Unity Statement – Women’s March on Washington (Yellowknife)

On January 21st 2017 at 11:00am, people marched in Yellowknife to stand in solidarity with women in the United States experiencing marginalization and violence.

We spoke during this march. Our statement was created in part by individuals who attended our Q&T Group on Thursday, January 19th 2017. Here is our full statement for you to read.


Women all over the world are marching today, in solidarity with marginalized communities in the United States of America. Although the Women’s March on Washington has one unity statement that expresses support of queer and trans people, we want to stress that all of these unity statements ring true in our hearts. We want to express that we disagree with the Official Women’s March Movement’s initial choice to remove references to sex worker rights or conflate sex working with sex trafficking and exploitation, and we want to express our understanding of the complex problems associated with the original co-opting of a movement created by women of colour in the United States.

As a queer and trans organization, we work to support a group of people who are too-often victims of violence and marginalization. Although we work to support queer and trans people in Yellowknife, the struggles of queer and trans people in the United States are often at the forefront of our conversations and advocacy.

The Rainbow Coalition of Yellowknife is an organization, governed by young queer and trans Yellowknifers, whose mandate is to support queer and trans people (particularly youth) in Yellowknife and the rest of the Northwest Territories to live free from queerphobic violence. This statement was written with input from people who are a part of our organization.

Queer and trans people experience all kinds of violence because of who we are as human-beings. Queer communities experience physical violence, emotional violence, sexual violence and state violence. Within our community itself, queer people who share other marginalized identities are forced to navigate compounded violence. We see Two-Spirit and Indigenous queer and trans people resisting against the colonialist violence that limits how they are able to express themselves. We see queer and trans people of colour rejected from mainstream queer communities because they refuse to accept ongoing violence that is ignored by white queer people. We see queer and trans people with disabilities lacking adequate and supportive care and being rid of their sexual autonomies. We see queer and trans people living in poverty having to choose between accessing necessary social supports and living authentically. The needs of queer and trans people are not homogenous; we have a variety of lived experiences and they all need to be valued, respected and validated.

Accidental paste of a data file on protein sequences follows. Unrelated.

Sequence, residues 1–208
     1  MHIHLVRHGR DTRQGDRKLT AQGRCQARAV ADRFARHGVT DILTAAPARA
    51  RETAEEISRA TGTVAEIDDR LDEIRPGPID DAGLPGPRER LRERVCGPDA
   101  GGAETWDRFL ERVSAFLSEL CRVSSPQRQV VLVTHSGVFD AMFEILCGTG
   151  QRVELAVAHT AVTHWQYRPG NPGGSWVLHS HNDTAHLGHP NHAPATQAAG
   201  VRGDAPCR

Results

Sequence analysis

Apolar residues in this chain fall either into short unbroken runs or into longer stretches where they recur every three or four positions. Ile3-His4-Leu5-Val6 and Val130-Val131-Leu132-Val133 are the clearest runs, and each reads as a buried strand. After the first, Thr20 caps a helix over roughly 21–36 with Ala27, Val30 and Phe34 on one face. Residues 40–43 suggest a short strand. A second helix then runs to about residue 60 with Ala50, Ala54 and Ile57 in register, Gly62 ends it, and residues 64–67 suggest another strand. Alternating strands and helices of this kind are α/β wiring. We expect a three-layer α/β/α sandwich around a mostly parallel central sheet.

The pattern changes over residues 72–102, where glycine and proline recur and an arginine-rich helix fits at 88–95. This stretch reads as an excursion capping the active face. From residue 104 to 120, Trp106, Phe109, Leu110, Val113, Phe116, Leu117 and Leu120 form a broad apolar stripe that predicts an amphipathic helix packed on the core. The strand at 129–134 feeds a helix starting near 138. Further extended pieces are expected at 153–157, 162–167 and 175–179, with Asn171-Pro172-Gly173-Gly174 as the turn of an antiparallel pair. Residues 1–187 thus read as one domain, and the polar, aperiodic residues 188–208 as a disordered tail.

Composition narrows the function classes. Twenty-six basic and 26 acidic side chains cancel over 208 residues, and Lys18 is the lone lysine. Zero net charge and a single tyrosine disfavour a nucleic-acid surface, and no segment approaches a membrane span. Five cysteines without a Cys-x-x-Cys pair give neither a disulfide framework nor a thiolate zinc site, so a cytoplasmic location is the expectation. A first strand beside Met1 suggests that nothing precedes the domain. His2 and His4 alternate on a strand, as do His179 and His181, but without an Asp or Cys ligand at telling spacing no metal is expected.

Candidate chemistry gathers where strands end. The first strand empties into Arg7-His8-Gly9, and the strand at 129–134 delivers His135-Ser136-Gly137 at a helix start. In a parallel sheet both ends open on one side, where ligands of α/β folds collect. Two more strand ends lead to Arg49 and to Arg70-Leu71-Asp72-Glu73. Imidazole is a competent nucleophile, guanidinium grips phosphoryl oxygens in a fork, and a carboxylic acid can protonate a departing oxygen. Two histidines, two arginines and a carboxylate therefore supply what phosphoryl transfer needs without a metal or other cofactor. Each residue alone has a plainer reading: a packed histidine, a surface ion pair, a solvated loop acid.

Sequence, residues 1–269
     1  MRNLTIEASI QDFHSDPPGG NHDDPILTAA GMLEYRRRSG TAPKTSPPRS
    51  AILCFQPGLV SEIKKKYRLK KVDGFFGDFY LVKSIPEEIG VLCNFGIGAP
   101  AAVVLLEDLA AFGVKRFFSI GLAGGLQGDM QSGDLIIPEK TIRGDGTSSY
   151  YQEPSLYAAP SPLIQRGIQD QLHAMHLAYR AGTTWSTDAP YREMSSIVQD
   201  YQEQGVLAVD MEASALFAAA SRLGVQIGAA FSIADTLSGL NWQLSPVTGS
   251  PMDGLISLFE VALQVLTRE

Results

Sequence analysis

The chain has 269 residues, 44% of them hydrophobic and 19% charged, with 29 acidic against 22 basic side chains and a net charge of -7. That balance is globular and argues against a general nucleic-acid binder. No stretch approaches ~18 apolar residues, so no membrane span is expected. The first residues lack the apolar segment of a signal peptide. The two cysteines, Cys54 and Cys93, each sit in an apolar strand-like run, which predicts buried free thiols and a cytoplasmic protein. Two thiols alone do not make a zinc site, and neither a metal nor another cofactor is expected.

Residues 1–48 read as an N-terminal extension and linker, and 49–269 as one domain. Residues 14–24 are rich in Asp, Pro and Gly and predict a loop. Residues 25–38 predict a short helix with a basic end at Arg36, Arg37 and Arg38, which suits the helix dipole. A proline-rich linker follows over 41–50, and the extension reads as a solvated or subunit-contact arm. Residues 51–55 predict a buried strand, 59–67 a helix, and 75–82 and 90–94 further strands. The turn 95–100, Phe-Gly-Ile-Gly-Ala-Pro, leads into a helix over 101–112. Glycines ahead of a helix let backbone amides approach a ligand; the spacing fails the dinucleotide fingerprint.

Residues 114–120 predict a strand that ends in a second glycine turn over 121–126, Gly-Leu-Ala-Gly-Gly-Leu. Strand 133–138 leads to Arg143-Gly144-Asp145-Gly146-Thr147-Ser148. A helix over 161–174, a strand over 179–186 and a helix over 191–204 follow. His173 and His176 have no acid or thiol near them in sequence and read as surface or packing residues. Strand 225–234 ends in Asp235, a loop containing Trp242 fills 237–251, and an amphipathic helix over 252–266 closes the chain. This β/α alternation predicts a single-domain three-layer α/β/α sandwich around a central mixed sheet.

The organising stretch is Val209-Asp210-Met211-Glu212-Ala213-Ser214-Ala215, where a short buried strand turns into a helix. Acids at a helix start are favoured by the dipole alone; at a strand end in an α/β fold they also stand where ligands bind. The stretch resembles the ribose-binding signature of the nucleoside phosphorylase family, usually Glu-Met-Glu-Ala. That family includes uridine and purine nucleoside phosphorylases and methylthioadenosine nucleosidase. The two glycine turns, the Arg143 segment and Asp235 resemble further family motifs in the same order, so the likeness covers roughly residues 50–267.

We, the Rainbow Coalition of Yellowknife, want to express our gratitude and love for those people who came before us, and contributed to what we recognize as a safer space for queer and trans people today. We say thank you to George Everett Klippert, a man who lived in the Northwest Territories when he became the last Canadian to be charged with homosexuality under the Supreme Court. We say thank you to those pioneers involved with OutNorth who’s existence helped to pass necessary legislation like the right to adopt and the inclusion of gender identity under the NWT Human Rights Act. The work done by past LGBTQ+ people in Yellowknife and the NWT allows us to feel comforted and validated in our existence as queer and trans people.

It also helps us be optimistic for the future. We call for more community and financial involvement from municipal and territorial governments. We call for the inclusion of LGBTQ+ perspectives on all topics, from anti-homelessness to anti-violence to many others. We call for more proactive support by unions, and NWT employers in supporting LGBTQ+ staff members and employees. We call for more inclusion of queer identities and issues into Yellowknife and NWT schools. We call for more public conversation about queer and trans people and experiences, particularly those experiences of Two-Spirit and Indigenous queer people that have been affected so strongly by the ongoing colonization that takes place in Denendeh.

We invite those who are not queer or trans, but who love us with all of their hearts, to learn how to be uncomfortable with not knowing, or not always understanding. We ask that our diversity is recognized; that we are not only queer, but that some of us are women, some of us are Indigenous, some of us are disabled, some of us are people of colour, some of us are living in poverty.

We welcome allies to step up to support us, even when it’s hard, and even when there is pushback, even when they are uncomfortable. We welcome allies to ask the Rainbow Coalition of Yellowknife for help in learning how to make their community safer for queer and trans people.

We call for a safe community that is built with us; that allies let us lead and that allies remember that there is nothing for us, without us.*


*The phrase “nothing for us, without us” has its’ roots in disability activism. The phrase gained momentum in the 1990s, and has since been used by various movements to express the importance of including the voices of those who are affected by an issue when doing activism related to the issue. (Source)